Paul Carsten of Reuters News Agency, in his interpretative report and in-depth analysis on the Nigerian experience, explained that the pace of growth was slow despite higher earnings from oil. This, according to him, means that Nigeria’s economy remains fragile and dependent on its dominant export. Most commentators do not seem to be comfortable with the growth which was 0.55 percent year-on-year. This is despite the OPEC data which showed that crude oil production rebounded 9.1 percent to 1.68 million barrels per day over the same period.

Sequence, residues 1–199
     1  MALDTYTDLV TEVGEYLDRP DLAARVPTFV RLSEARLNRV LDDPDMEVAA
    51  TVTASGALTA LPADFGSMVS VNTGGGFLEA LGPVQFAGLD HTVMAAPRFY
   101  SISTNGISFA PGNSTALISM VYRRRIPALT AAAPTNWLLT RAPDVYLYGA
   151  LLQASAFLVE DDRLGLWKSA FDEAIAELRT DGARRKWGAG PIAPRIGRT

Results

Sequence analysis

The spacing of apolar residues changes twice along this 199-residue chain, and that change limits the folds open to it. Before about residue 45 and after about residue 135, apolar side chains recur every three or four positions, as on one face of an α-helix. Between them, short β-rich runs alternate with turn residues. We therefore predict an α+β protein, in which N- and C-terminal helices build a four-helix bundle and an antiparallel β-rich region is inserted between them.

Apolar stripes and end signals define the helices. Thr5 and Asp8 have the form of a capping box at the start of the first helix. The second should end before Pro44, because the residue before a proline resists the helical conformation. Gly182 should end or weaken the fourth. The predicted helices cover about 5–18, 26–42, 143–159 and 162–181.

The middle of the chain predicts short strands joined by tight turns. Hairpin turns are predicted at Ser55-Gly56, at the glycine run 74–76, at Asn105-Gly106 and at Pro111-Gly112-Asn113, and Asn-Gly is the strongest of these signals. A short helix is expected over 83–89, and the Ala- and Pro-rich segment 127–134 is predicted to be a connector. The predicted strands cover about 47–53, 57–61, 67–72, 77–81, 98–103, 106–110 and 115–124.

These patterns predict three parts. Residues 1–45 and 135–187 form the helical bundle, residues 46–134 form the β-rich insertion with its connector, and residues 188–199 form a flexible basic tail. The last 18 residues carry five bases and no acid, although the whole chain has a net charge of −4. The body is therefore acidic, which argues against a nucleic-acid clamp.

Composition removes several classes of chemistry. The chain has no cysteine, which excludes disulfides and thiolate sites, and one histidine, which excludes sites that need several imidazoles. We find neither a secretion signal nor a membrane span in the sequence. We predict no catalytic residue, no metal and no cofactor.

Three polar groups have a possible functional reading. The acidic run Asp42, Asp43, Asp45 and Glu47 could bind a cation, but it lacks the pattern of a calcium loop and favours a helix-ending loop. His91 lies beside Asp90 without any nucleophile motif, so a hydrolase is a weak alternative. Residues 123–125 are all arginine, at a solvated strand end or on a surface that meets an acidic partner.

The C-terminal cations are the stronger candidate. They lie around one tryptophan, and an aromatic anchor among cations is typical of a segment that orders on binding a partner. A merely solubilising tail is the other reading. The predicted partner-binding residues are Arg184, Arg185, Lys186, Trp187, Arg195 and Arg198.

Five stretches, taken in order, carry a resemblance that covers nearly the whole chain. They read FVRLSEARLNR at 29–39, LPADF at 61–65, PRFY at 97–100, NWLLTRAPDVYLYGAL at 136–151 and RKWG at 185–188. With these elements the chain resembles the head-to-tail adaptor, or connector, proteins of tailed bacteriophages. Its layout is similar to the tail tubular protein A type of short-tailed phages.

Carsten also stated that the GDP expansion was a full percentage point lower than economists polled by Reuters expected. He stated that the NBS also said the first-quarter downturn, at 0.91 percent, had been steeper than initially estimated. He stated that the economy shrank by 1.5 percent in 2016, its first annual contraction in a quarter century, crippled by lower oil revenues following years of subdued prices and a shortage of hard currency. He quoted the presidential economic advisor, Adeyemi Dipeolu, who welcomed the end of recession and confirmed that economic growth remains fragile and vulnerable. According to Dipeolu, “Two bright spots are inflation, which has fallen from 18.72 percent in January to 16.05 percent in July and foreign exchange reserves, which have risen from a low of $24.53 billion last September to around $31 billion in August”. He opined that policy must remain geared towards economic recovery and diversification. Carsten stated that economists sounded cautious about the rebound, saying Nigeria still was not achieving its economic potential. One of them Razia Khan, the chief economist for Africa at Standard Chartered said “This is not at all a robust GDP print. “It still falls far short of the growth rates the Nigerian economy should be achieving. “The NBS said the second quarter GDP contribution from the non-oil sector – notably agriculture and manufacturing, including textiles, clothing and footwear – shrank slightly from the previous three months and from the previous year. Paul Carsten stated that Nigeria’s government had also touted agriculture as a way to wean the country off its oil dependence. Growth in agriculture fell to 3.01 percent from 4.53 percent in the second quarter of 2016. “Regardless of growth moving back into positive territory, it remains fragile,” said Celeste Fauconnier, a regional economist at Rand Merchant Bank in Johannesburg, which predicts a full-year expansion of just 0.5 percent. “An undiversified production base, a host of structural rigidities and persistent security troubles point to a prolonged and gradual recovery period,” said Fauconnier. On GDP as a satisfactory measure of growth, here is an account by OECD: If ever there was a controversial icon from the statistics world, GDP is it. It measures income, but not equality, it measures growth, but not destruction, and it ignores values like social cohesion and the environment. Yet, governments, businesses and probably most people swear by it. According to François Lequiller, head of national accounts at the OECD, part of the problem is that perhaps we expect too much from this trusty, though misunderstood, indicator.